ULN2803 Based LED drive

Discussion in 'General Electronics Chat' started by anik321, Feb 6, 2013.

  1. anik321

    Thread Starter Member

    Oct 25, 2008
    22
    0
    Guys, I have a quick question about the circuit below: VbeO for Q3 is -4V.
    In this design is this being exceeded when the device is ON or OFF?
    Doesnt look like to me but a coworker disagrees. What do you think? Any insight would be appreciated. Thank you.

    My component calculations are Below:

    Parameters Used:
    Worst Case Rail voltage = 26.3Volts

    Q3 Saturation Vce = .3V
    Q3 hFEmin = 100
    Q3 VbeON = 1.2V
    ULN28 Saturation VceULN = 1.1V
    LED1 Vf ~ 2.2V
    Current required through LED = 20mA

    Calculations:

    - - R27 = (26.3V – VCEsat – Vf)/20mA = (26.3 - 0.3 - 2.2V)/(20mA) = 1190 ohms.
    Let’s go with a 1.1K.
    Power Check: (20mA)^2 * 1.1k = .44W.
    We will need a 1/2W Resistor. Size 1210?


    - Ib = IC/hFEmin = 20mA/100 = .2mA

    - R29 = (26.3- VbeONQ3 – VceULN)/Ib = (26.3-1.2-1.1)V/0.2mA = 120K.
    But let’s drive Q3 hard when ON and go with R29 = 10K. This will ensure Q3 is well within saturation.

    - R25 = roughly 5 times R29 or 50K. We will pick a standard value and go with 51K.
    A smaller resistor may allow too much current through the R29/(R25+R29) divider causing Vb to be too high to ever turn off.
    I think 51K is a safe number.







    [​IMG]
     
  2. John P

    AAC Fanatic!

    Oct 14, 2008
    1,634
    224
    I think everything in your circuit is selected properly, but what you have there is hideously inefficient. You're using a high voltage, high current driver to turn on a transistor via a 10K resistor, then you're running LEDs off 24V, which as you correctly say, dissipates power in a 1.1K resistor. Can't this setup run off a 5V supply?
     
  3. Ron H

    AAC Fanatic!

    Apr 14, 2005
    7,050
    657
    Your calculations are basically sound, except for some of the numbers.
    1. Q3 Vbe≈0.7V. Where did you get 1.2v?
    2. Hfemin=100 is valid when the transistor is active. Notice that the datasheet specifies Vce=-1v. For saturation, use β=10. This is called "forced beta". See the attachment. Fortunately, you decided to drive the base with plenty of current. Note that the transistor will saturate when Ic/Ib>10, but Vce(sat) will be higher.
    3.
    This doesn't make sense. A lower value for R25 will turn the transistor off faster, if you need speed. The tradeoff is, a lower value steal a little base drive from Q3 when it is on. Even if you used R25=1k (just an example), the resistor would only draw Vbe/R25≈0.7mA. When the ULN2803A is off, the only current that flows through R25 is collector-base leakage current, which is miniscule unless Q3 is very hot. I have seen many designs with R25 omitted, and the circuit still works, although I don't recommend doing that. 51k is fine.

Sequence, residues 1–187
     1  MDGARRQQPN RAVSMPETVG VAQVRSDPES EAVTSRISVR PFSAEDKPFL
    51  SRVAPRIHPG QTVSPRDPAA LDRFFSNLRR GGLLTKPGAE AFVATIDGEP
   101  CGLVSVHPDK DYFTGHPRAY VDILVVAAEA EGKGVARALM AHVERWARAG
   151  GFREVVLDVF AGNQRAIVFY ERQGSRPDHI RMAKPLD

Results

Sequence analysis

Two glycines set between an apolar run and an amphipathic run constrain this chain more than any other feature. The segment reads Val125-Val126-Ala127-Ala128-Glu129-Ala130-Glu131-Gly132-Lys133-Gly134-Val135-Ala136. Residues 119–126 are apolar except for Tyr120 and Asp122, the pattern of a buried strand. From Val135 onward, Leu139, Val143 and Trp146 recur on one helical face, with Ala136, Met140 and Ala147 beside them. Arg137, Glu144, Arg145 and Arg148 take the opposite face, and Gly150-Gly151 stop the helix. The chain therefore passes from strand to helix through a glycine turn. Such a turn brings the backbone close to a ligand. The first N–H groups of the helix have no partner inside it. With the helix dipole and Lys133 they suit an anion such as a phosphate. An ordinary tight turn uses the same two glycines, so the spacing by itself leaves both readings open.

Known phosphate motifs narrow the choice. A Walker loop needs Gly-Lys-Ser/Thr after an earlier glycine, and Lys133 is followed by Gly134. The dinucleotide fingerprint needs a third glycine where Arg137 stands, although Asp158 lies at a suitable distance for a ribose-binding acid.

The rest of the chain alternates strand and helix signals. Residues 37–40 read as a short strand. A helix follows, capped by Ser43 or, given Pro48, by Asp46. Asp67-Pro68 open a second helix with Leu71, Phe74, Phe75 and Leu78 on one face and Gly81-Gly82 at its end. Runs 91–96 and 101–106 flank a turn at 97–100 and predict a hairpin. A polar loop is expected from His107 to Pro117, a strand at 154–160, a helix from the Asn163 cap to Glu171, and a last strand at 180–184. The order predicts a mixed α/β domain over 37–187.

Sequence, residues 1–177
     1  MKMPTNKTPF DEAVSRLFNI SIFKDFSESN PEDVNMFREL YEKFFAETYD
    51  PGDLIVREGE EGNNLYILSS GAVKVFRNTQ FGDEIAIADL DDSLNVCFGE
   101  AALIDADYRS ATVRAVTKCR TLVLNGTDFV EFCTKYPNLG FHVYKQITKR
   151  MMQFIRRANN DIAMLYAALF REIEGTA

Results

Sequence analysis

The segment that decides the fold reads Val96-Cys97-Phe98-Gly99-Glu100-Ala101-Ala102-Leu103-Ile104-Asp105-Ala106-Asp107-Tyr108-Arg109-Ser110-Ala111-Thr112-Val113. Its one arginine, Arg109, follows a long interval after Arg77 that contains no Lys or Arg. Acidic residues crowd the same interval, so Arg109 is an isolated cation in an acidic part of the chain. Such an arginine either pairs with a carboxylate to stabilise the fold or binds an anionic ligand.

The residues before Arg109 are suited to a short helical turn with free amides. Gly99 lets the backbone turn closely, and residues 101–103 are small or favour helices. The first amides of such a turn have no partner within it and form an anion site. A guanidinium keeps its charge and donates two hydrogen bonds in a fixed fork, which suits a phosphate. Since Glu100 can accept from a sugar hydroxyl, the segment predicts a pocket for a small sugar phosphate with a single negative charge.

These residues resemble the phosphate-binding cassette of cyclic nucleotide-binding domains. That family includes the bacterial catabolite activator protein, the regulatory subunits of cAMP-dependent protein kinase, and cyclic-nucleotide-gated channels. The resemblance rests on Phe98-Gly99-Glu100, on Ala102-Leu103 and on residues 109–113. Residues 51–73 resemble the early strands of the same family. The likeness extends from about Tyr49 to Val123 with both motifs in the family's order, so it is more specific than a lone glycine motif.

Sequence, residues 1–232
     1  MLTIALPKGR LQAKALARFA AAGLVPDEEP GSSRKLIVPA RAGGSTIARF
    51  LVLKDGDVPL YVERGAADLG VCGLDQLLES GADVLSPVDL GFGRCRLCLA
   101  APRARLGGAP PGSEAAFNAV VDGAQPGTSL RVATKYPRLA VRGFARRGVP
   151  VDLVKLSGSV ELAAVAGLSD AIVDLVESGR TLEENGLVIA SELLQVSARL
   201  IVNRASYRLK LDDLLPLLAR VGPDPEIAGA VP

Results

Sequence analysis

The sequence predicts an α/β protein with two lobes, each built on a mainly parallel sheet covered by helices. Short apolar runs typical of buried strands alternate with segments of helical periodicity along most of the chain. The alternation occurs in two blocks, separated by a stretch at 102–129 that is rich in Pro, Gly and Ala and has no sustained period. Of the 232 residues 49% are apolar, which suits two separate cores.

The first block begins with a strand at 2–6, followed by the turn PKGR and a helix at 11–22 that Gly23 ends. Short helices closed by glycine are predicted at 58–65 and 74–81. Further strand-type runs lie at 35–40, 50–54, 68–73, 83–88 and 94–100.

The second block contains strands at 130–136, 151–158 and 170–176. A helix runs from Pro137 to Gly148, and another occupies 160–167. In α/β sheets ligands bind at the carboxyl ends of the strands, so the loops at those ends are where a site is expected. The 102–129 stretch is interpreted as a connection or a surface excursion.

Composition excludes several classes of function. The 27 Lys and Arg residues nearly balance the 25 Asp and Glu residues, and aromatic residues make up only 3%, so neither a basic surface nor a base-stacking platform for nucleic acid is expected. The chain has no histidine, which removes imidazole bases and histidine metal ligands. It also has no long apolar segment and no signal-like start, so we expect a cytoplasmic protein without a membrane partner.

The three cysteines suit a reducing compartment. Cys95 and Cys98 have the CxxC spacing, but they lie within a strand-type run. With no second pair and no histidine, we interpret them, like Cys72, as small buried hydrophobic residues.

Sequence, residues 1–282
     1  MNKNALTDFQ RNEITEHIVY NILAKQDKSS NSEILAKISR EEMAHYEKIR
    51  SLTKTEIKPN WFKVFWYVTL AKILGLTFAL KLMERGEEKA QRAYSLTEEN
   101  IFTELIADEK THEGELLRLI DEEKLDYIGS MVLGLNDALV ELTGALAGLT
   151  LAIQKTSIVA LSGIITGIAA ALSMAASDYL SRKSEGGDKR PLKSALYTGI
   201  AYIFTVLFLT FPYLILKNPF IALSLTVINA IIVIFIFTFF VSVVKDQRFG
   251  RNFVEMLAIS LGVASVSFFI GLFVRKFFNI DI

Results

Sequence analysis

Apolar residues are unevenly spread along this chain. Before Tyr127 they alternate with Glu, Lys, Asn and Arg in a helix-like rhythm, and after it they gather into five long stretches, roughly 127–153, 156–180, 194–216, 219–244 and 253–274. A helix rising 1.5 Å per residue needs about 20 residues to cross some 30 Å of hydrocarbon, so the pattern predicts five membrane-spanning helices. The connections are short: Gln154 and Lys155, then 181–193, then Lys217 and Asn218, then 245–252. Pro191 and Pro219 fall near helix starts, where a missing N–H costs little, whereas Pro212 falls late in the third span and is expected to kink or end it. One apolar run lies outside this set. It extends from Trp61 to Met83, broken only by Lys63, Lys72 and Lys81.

4. Why are you using ULN2803A? Do you have 8 of these circuits? And why don't you drive the LEDs directly from the ULN2803A? Is it because the LEDs HAVE to be grounded?
     
  4. John P

    AAC Fanatic!

    Oct 14, 2008
    1,634
    224
    I would say that in this case, there's no worry about whether the transistor saturates or not, because if some of the power is lost there rather than in the resistor, who cares. It won't affect the brightness of the LED much.

    I assume that the dual LED has to be driven by a high-going input because it's common cathode. But could whatever drives pins 2 and 3 of the ULN2803 drive the LEDs directly with no other components except a resistor?

    Re the base of the PNP, if R25 and R26 were incredibly low, say 510 instead of 51K, you wouldn't be able to turn the transistors on. But that would be an absurd selection.
     
  5. Ron H

    AAC Fanatic!

    Apr 14, 2005
    7,050
    657
    Sorry. I didn't notice that the LEDs have a common cathode. You can only drive directly from the inputs if your input sources can supply 20mA.
     
  6. anik321

    Thread Starter Member

    Oct 25, 2008
    22
    0
    Ron and John,

    Thank you so much for the prompt input and analysis. Most of you answered you own questions:

    1. it has to be a Bi-Color LED and most of them are common cathodes - so requires a high side drive.

    2. The entire circuit runs off 24V. An LDO steps the 24V down to 3.3 to run the micro. If I put the LEDS and other components on the 3.3V line, the LDO would power limit and thermally shutdown sooner or later due to that Huge voltage drop.

    3. Yes the ULNs are being used to drive other stuff on the board (bunch of relays) and I had two left over so decided to use them to drive the LEDS off 24V.

    Hope this answers most of your questions. The caution about B=10 at saturation is noted and I will look into whether my selection for R25 is enough to keep the LED going.

    Thank you guys! MUCH appreciated.
     
  7. John P

    AAC Fanatic!

    Oct 14, 2008
    1,634
    224
    An output pin of a 74HC logic chip or a PIC processor can drive >20mA. Maybe not all the pins at once can do it, though--there will have to be some design work. But that's how we earn the big bucks.

    Edited to say that 20mA is a fairly large current for this part. The spec sheet says 25mA absolute max for the green, and 30mA for the red. But maybe the application requires high brightness.
     
    Last edited: Feb 6, 2013
Loading...